UMMC experts weigh in on achieving success in the new year
By Matt Westerfield
A new year is under way, and faculty, staff and students across UMMC are seizing the opportunity to make it a healthier, happier 2012. It's been estimated that close to half of American adults make New Year's resolutions each year, and although many of those will abandon those goals midway through the year, experts say that a person who publically declares a resolution has a much better shot at succeeding. With that in mind, experts at the Medical Center offer advice on some of the most common resolutions that might help keep you on track.
Manage your health
For those resolved to live a higher quality of life in 2012, the first step is for them to take charge of their health.
Dr. Rebecca Waterer, director of Student/Employee Heath, encourages employees to familiarize themselves with the Wellness Benefits that their health insurance allows and take advantage of them annually. She said some regular checks to consider getting are cholesterol screenings, mammograms, blood pressure evaluations, pap smears, colonoscopies and prostate-specific antigen tests.
"I have learned over the years that health-care workers tend to spend much more time and attention addressing the health issues of others and often neglect their own health needs," Waterer said. "Disease prevention and early detection are of utmost importance to good outcomes, and we must remember that even though we all would rather not have to be the patient, there are times when that is exactly what we should be. The annual wellness exam should go to near the top of the 'resolution' list."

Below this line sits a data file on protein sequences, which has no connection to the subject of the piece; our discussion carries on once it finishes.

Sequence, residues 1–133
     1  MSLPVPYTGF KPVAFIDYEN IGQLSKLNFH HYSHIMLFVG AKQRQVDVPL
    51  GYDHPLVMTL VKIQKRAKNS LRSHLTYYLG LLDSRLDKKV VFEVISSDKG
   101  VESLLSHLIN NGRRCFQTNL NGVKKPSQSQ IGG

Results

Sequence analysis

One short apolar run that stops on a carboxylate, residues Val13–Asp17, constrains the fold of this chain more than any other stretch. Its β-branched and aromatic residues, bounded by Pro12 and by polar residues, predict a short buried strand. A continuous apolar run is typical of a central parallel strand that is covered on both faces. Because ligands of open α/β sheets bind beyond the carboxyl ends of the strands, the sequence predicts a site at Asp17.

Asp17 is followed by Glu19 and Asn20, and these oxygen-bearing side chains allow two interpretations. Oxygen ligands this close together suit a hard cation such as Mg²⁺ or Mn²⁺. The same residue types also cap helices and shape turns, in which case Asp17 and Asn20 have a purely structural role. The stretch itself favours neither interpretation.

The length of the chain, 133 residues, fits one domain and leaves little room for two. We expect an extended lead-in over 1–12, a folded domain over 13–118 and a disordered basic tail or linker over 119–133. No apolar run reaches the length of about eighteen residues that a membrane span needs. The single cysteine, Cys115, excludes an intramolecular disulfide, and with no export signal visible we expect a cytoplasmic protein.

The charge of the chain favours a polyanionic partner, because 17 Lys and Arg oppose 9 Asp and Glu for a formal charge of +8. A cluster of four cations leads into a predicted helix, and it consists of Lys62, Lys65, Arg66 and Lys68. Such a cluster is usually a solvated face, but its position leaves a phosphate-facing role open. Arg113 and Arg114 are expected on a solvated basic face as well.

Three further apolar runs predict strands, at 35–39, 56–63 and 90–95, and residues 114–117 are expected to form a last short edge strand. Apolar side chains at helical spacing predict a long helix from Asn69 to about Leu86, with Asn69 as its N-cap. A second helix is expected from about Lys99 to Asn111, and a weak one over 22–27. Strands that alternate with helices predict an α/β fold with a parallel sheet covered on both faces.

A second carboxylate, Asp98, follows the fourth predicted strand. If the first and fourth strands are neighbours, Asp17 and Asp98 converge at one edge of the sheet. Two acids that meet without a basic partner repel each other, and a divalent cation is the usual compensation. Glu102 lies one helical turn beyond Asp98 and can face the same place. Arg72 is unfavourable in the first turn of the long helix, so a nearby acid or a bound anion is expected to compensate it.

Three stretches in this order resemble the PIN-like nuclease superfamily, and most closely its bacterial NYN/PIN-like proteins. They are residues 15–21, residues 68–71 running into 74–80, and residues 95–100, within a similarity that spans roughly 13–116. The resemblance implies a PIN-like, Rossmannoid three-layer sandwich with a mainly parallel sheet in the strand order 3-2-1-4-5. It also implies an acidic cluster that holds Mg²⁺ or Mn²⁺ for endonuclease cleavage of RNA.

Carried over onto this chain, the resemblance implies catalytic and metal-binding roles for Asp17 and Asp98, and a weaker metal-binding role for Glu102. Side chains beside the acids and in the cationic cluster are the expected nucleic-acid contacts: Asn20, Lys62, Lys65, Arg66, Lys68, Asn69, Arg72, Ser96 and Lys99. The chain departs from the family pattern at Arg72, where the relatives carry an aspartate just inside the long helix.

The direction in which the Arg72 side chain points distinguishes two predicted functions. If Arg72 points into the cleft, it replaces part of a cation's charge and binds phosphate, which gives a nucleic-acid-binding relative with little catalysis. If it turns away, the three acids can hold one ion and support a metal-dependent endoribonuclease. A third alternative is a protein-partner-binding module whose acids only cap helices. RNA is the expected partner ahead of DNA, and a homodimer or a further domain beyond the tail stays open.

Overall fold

She also recommends finding a balance between the demands of career and home life.
"When we think about New Year's Resolutions, we have a tendency to want to fix everything and fix it now," she said. Because of this thinking, a person is liable to give up if he or she slips up early. "It is much better to concentrate on one or two areas and do them well."
There's no better time to re-evaluate your eating habits than after overindulging in sweets and treats throughout the holidays. But dietitian Paul Robertson warns that a big change in eating habits without proper preparation can be a recipe for failure.
Those who make a resolution to eat healthier should take the time to research what works and what doesn't so they can avoid gimmicks and fad diets, Robertson said. It's also important that they are prepared to adjust their routines.
"Focus on the decisions you make as progress markers," he said. "Decisions are what lead to results. Focusing on the end-result may help you reach a goal, but it can often lead to difficulty maintaining that goal. Healthy eating as part of a healthier lifestyle is about making good decisions most often."
Other tips Robertson recommends are:
- Eat at least three times a day in order to avoid excess portions.
- Take your time to enjoy the food when you're eating.
- Avoid high-sugar drinks like sodas, sports drinks, sweet tea and others.
- Get a personalized diet plan.
"You can go to choosemyplate.gov and click on the Super Tracker Option to receive a personalized meal plan that will help meet your specific goals," he said. Contact Robertson at 5-8728 or email@example.com to set up an appointment or to ask general questions about healthy eating.